Bill Evans (piano) Gone With The Wind (sheet music transcription available in our online Library)
William John Evans (August 16, 1929 – September 15, 1980) was an American jazz pianist and composer who mostly played in trios. His use of impressionist harmony, inventive interpretation of traditional jazz repertoire, block chords, and trademark rhythmically independent, “singing” melodic lines continue to influence jazz pianists today.Born in Plainfield, New Jersey, in 1929, he was classically trained at Southeastern Louisiana University and the Mannes School of Music, where he majored in composition and received the Artist Diploma.
In 1955, he moved to New York City, where he worked with bandleader and theorist George Russell. In 1958, Evans joined Miles Davis’s sextet, which in 1959, then immersed in modal jazz, recorded Kind of Blue, the best-selling jazz album of all time. During that time, Evans was also playing with Chet Baker for the album Chet.In late 1959, Evans left the Miles Davis band and began his career as a leader, with bassist Scott LaFaro and drummer Paul Motian, a group now regarded as a seminal modern jazz trio.
In 1961, ten days after finishing an engagement at the New York Village Vanguard jazz club, LaFaro died in a car accident. After months of seclusion, Evans reemerged with a new trio, featuring bassist Chuck Israels.In 1963, Evans recorded Conversations with Myself, a solo album using the unconventional technique of overdubbing himself.
In 1966, he met bassist Eddie Gómez, with whom he worked for 11 years.Many of Evans’s compositions, such as “Waltz for Debby”, have become standards, played and recorded by many artists. Evans received 31 Grammy nominations and seven awards, and was inducted into the Down Beat Jazz Hall of Fame.Bill Evans is seen as the main reformer of the harmonic language of jazz piano. Evans’s harmonic language was influenced by impressionist composers such as Claude Debussy and Maurice Ravel.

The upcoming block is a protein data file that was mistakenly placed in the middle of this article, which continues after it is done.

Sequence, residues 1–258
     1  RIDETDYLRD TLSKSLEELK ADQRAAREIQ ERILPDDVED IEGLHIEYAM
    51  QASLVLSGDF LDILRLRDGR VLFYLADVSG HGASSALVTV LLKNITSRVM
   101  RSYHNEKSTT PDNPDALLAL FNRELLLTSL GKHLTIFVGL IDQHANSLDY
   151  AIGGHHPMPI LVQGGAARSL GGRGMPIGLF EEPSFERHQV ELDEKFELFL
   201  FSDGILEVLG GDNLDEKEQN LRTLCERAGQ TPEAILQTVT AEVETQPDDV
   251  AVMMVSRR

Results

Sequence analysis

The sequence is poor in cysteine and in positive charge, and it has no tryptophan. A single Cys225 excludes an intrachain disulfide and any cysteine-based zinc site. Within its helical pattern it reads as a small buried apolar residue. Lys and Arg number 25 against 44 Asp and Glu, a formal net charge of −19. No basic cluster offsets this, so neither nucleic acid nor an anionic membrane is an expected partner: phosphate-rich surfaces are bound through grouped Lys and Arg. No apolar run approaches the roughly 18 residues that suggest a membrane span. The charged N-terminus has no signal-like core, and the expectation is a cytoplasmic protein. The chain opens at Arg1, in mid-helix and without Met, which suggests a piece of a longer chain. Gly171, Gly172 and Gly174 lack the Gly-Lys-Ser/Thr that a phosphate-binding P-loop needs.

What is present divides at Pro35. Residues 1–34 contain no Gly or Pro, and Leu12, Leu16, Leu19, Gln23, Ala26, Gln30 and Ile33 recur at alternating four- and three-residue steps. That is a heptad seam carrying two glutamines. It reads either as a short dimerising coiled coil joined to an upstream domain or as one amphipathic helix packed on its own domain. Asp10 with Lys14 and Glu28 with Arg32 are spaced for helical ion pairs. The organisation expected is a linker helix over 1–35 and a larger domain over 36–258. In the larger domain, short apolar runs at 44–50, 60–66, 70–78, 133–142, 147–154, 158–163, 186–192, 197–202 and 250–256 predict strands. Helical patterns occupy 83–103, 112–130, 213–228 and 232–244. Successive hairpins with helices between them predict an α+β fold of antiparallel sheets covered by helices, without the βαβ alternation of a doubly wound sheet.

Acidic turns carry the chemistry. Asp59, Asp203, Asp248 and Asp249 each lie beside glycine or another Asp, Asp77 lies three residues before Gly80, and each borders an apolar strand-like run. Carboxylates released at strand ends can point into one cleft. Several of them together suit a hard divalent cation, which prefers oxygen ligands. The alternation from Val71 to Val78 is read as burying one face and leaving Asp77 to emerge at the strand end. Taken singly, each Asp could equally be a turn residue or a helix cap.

His versions of jazz standards, as well as his own compositions, often featured thorough reharmonisations. Musical features included added tone chords, modal inflections, unconventional substitutions, and modulations.An example of Evans’s harmonies. The chords feature extensions like 9ths and 13ths, are laid around middle C, have smooth voice leading, and leave the root to the bassist. Bridge of the first chorus of “Waltz for Debby” (mm.33-36). From the 1961 album of the same name.One of Evans’s distinctive harmonic traits is excluding the root in his chords, leaving this work to the bassist, played on another beat of the measure, or just left implied.
“If I am going to be sitting here playing roots, fifths and full voicings, the bass is relegated to a time machine.” This idea had already been explored by Ahmad Jamal, Erroll Garner, and Red Garland. In Evans’s system, the chord is expressed as a quality identity and a color. Most of Evans’s harmonies feature added note chords or quartal voicings. Thus, Evans created a self-sufficient language for the left hand, a distinctive voicing, that allowed the transition from one chord to the next while hardly having to move the hand.
With this technique, he created an effect of continuity in the central register of the piano. Lying around middle C, in this region the harmonic clusters sounded the clearest, and at the same time, left room for contrapuntal independence with the bass.Evans’s improvisations relied heavily on motivic development, either melodically or rhythmically. Motives may be broken and recombined to form melodies. Another characteristic of Evans’s style is rhythmic displacement. His melodic contours often describe arches. Other characteristics include sequenciation of melodies and transforming one motive into another.
He plays with one hand in the time signature of 4/4 and the other momentarily in 3/4.At the beginning of his career, Evans used block chords heavily. He later abandoned them in part. At least during his late years, Evans’s favorite keys to play in were A and E. Evans greatly valued Bach’s music, which influenced his playing style and which helped him gain good touch and finger independence. “Bach changed my hand approach to playing the piano.
I used to use a lot of finger technique when I was younger, and I changed over a weight technique.” Evans valued Bach’s “The Well-Tempered Clavier” and his “Two- and Three-Part Inventions” as excellent practice material.”Gone with the Wind” is a popular song. The music was written by Allie Wrubel, the lyrics by Herb Magidson, published in 1937.Whether the title of this song was related in any way to the 1936 Margaret Mitchell novel Gone with the Wind is difficult to determine. The timing of the song’s release suggests something more than coincidence, given that the book received enormous publicity in 1937, dominating the bestseller lists and winning a Pulitzer Prize. Still, the lyrics of the song have no obvious connection to the subject matter of the novel.